Toolbox Talk: Lyme Disease

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CPWR - The Center for Construction Research and Training

Summary Statement

The CPWR Toolbox Talk on Lyme Disease addresses risks associated with working in outdoor settings. The resource includes a ‘real-life’ case example, steps to prevent a related injury or illness, and questions for discussion. It includes an image (page 2) that illustrates the hazard, which can be posted in a central location as a reminder of steps to work safely.   Click on the following links to access in English and Spanish

CPWR Toolbox Talk logoLyme disease affects everyone differently. Some people get sick in about a week. The first sign may be a rash near the tick bite. Other people may not seem sick until months or years after a tick bite. The disease can permanently damage your nervous system and joints. Sometimes joint replacement is needed.


Here is an Example

A group of electric utility line workers was laying lines for development of a new office building park. One of them, Sean, was working very close to the bushes. One day he noticed bite marks on his arm and went to the doctor. Sean had been outside so much that his doctor tested him for Lyme disease. Fortunately, the test was negative; the bite marks were simply from mosquitoes. Now Sean makes sure to wear long sleeves, long pants and tick repellent spray.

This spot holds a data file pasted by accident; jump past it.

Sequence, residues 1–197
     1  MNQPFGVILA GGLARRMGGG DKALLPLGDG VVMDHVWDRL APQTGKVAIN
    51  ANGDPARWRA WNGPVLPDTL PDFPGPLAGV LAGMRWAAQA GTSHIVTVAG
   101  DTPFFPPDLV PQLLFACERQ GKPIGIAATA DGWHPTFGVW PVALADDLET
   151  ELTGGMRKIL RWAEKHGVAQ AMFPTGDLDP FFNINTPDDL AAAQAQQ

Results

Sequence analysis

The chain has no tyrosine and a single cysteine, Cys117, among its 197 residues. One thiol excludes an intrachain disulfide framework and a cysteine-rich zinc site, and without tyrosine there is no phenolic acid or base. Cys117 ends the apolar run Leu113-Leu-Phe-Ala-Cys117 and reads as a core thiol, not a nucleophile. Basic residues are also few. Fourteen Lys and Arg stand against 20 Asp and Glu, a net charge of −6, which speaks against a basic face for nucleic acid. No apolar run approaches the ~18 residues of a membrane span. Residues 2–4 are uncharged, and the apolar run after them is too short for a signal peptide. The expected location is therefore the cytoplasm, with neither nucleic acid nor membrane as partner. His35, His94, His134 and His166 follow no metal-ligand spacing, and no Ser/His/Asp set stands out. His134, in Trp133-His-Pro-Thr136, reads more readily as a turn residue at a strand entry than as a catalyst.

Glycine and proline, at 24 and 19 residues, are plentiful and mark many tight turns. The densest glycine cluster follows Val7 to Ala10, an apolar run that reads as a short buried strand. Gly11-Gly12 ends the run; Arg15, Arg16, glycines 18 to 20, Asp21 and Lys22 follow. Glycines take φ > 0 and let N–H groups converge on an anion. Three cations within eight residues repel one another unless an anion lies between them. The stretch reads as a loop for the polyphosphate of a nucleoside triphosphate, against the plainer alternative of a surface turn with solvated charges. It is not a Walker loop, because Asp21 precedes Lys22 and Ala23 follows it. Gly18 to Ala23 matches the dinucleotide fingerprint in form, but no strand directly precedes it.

1. Could this incident have been avoided?
  2. Do you wear insect repellent?

Protection Against Lyme Disease

  • Be aware deer ticks are tiny. Most can fit on the head of a pin. The ticks are found in brush, woods and tall grass. May and June are the worst months, but the ticks are active in all warm months.
  • Wear long pants and long-sleeved shirts when working in wooded areas or tall grass. Put your pants cuffs inside your work boots. Tuck in your shirt. Light-colored clothing may make it easier to spot ticks.
  • Use a tick repellent. Spray a repellent near the openings on your clothes, such as the bottoms of your pants and the waistband.
  • Bathe or shower as soon as possible after work (preferably within two hours) to wash off and more easily find ticks that are crawling on you.
  • If you are bitten, see a doctor. Your doctor may want to give you a blood test to see if you are infected. (Be aware: blood tests may not show up positive until 2 weeks or more after a tick bite.) The doctor may prescribe antibiotics.

What Are We Going to Do Today?

What will we do here at the worksite today to prevent Lyme disease?








Graphic of a worker spraying their clothing with tick repellent.

  • Wear long pants and long-sleeved shirts when working in wooded areas or tall grass.
  • Use a tick repellent.
  • If you are bitten, see a doctor.